Today in the local news there was a story of a family who tried to make copies of photos at a Wal Mart. The pictures were taken by an advanced hobbyist, a friend of the family, as a favor. Because they looked “professional,” however, the store manager determined that copying the print could or would violate copyright law. To play it safe, the service was denied.
As a technology fan, computer geek and photographer, I’ve noticed that IP laws, aside from their libertarian problems, are becoming more of a nuisance even for the average person. Camera technology, for example, has improved so quickly that you can create “professional” photos with a couple of hundred dollars, a good eye and guidance from the internet.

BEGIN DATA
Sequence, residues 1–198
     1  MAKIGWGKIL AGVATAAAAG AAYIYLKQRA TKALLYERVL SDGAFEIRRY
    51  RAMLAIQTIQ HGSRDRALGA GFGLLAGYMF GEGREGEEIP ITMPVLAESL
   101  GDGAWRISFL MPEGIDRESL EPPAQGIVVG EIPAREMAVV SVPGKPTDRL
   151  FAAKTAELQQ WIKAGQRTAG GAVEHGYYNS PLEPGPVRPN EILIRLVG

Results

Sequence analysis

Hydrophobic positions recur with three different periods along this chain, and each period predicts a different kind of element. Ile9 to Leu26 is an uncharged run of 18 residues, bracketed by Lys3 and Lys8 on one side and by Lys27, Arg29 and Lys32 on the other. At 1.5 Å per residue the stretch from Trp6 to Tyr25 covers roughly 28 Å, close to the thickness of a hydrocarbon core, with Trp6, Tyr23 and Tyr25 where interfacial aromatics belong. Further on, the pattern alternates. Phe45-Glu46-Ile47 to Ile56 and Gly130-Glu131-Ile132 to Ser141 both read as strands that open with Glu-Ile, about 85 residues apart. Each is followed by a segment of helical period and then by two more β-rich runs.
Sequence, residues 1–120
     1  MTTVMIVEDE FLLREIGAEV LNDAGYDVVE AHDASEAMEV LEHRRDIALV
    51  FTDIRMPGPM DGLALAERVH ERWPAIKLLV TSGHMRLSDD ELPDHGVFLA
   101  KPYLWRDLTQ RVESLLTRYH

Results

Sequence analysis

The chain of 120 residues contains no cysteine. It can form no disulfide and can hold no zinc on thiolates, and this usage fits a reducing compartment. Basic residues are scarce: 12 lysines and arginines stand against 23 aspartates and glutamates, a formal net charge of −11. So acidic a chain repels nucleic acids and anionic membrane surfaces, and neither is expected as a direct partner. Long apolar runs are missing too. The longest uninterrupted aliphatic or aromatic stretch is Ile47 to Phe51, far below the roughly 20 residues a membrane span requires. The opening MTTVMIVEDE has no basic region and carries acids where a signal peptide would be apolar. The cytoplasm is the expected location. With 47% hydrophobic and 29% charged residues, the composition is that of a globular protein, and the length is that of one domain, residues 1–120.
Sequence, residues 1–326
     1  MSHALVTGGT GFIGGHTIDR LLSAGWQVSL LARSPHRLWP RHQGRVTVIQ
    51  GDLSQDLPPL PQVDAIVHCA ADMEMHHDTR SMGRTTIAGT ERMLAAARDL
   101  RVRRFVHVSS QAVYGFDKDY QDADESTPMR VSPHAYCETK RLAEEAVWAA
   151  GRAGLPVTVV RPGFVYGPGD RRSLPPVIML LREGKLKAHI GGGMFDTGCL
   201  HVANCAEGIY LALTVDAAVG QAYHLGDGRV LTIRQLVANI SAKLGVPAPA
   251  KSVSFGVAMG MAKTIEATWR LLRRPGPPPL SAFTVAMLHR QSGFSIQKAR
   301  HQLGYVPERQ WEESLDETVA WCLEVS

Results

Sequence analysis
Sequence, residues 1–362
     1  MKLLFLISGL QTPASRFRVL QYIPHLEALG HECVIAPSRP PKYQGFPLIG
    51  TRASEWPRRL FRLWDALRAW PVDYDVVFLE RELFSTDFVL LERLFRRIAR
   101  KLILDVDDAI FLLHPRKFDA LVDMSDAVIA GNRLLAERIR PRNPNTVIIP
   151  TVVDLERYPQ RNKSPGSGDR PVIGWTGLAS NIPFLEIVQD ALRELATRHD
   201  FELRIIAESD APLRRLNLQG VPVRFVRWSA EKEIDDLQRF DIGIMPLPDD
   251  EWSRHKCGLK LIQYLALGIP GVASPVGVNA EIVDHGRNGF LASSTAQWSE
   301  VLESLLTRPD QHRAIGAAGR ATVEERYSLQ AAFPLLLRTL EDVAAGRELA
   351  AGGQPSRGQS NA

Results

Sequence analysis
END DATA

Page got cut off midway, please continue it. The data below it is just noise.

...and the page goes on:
The case of the family trying to copy prints perfectly exemplifies this point. Because professional photo studios and career photographers almost always guard their copyright, and because photo labs are worried about getting into trouble, the policies they enact can result in ridiculous situations such as this one. The assumption was made that because the photo was so good, it must have been created by someone who would have no qualms about defending their copyright in court, potentially involving the lab in a legal dispute.6:59 pm on September 29, 2008 Email Manuel Lora